Lit Hub Recommends: Midsommar, Carmen Maria Machado, and Shirley Jackson
Also, a New Book from the Creator of BoJack Horseman.
Heat makes me less inclined to stick with books that don’t immediately grab me (wait, I think I just figured out what a beach read is), so I have started a lot of books this month, and also cast them aside like a woman in a painting, sweating on a divan. Two books that passed the heat test: Colson Whitehead’s The Nickel Boys (oh, have you heard of it??) and Sayaka Murata’s Convenience Store Woman. Both are utterly gripping in completely different ways. The former is propulsive and gorgeous and completely devastating, while the latter is funny and strange and perfectly sparse. I also recommend the movie Midsommar, particularly if you’ve just been through a breakup (I haven’t, but I wish this movie had existed for breakups past). It’s horrific, yes, but the trailer belies how laugh-out-loud funny it is. Apologies, fellow patrons of the Nighthawk Prospect Park.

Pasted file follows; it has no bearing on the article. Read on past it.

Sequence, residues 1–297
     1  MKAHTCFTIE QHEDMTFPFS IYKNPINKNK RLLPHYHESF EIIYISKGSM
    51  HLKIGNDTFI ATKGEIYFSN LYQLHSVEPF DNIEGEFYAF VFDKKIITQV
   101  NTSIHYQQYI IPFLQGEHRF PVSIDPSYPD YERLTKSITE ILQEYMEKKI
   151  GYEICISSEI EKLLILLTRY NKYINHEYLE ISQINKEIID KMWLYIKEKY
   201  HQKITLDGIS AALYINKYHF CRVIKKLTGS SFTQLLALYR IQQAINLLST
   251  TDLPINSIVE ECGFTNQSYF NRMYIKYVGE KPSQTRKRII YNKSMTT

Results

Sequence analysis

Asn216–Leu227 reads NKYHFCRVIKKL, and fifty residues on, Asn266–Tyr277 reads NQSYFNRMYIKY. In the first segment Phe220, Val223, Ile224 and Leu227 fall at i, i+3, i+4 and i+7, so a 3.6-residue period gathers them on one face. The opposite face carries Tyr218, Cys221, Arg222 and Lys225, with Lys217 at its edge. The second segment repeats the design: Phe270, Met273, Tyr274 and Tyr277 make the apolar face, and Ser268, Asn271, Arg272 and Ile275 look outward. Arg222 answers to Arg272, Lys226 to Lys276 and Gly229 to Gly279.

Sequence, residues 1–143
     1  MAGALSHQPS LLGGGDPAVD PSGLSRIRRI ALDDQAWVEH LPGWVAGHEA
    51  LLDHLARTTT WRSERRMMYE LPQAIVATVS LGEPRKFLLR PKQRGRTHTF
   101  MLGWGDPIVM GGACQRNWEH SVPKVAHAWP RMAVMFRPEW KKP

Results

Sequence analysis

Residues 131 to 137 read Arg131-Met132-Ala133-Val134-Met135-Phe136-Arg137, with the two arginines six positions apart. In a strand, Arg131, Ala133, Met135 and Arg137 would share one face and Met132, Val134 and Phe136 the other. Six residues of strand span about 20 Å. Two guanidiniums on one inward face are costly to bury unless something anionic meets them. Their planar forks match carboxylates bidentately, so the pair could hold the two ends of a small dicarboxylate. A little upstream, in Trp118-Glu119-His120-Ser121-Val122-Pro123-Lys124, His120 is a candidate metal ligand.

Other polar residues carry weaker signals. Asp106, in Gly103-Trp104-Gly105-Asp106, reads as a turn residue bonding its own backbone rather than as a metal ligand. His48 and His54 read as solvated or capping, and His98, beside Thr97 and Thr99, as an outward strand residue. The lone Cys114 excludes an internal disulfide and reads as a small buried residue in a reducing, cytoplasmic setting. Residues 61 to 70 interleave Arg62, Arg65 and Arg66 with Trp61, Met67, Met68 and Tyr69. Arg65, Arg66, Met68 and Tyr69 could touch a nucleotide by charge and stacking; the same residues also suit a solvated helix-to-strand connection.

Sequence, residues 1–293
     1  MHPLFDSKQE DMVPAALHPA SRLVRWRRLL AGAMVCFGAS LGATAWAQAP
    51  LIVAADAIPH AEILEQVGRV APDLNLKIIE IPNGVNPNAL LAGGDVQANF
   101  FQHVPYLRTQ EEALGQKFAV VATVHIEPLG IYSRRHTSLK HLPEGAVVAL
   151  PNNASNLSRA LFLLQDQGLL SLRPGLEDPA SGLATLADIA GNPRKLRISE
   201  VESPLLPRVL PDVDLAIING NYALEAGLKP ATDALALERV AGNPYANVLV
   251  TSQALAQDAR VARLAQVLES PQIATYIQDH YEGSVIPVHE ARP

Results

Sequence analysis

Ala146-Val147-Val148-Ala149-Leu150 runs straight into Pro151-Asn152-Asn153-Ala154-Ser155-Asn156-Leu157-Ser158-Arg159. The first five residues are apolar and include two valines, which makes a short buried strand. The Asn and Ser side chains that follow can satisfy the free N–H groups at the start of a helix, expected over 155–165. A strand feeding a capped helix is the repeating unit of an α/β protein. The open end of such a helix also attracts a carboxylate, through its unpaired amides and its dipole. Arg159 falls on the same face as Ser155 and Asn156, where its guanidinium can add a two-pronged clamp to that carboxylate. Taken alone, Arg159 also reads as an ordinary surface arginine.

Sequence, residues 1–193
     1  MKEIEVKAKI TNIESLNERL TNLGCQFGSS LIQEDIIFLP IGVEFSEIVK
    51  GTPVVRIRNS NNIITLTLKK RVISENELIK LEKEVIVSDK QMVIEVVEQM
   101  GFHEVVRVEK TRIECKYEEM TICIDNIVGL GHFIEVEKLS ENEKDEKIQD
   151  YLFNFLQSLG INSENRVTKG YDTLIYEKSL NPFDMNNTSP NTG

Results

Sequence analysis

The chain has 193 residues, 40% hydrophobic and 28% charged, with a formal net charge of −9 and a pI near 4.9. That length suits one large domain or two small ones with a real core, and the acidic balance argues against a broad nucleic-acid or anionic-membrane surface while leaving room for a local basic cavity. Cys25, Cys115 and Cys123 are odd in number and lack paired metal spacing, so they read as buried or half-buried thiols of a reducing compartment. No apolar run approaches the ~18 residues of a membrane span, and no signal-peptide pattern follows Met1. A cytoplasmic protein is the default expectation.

–Jessie Gaynor, Lit Hub social media editor
I don’t watch scary movies, but I do read their entire plot summaries on Wikipedia. After read-watching Midsommar (not to be confused with the excellent Midsomer Murders), I decided to reread my favorite “scary” story, “The Lottery” by Shirley Jackson. I tried to remember what it was like to read it for the first time, to not know but also to sense, implicitly (foreshadowing!) what would happen to poor Mrs. Hutchinson who arrives late, drying her hands on her apron after finishing the dishes. “Clean forgot what day it was,” she says. Oh! Because I have the Library of America edition that includes both The Haunting of Hill House and We Have Always Lived in the Castle, my only choice this weekend is which I’ll read first. (It’s WHALitC, for obvious reasons.)
–Emily Firetog, Lit Hub deputy editor
There’s not a new season right now, but like everyone else, I recommend all of the old seasons of Bojack Horseman, the creator of which has a new book out. Both the show and the unrelated book are tragic and hilarious and make you feel terrible, but at least you’re feeling something. I also recommend this t-shirt, which I first saw in a vintage shop in Montreal last weekend, and then tracked down on the internet because I’m so passionate about it. I recommend that someone buy one (in a size small (I’m baby)) for me thx.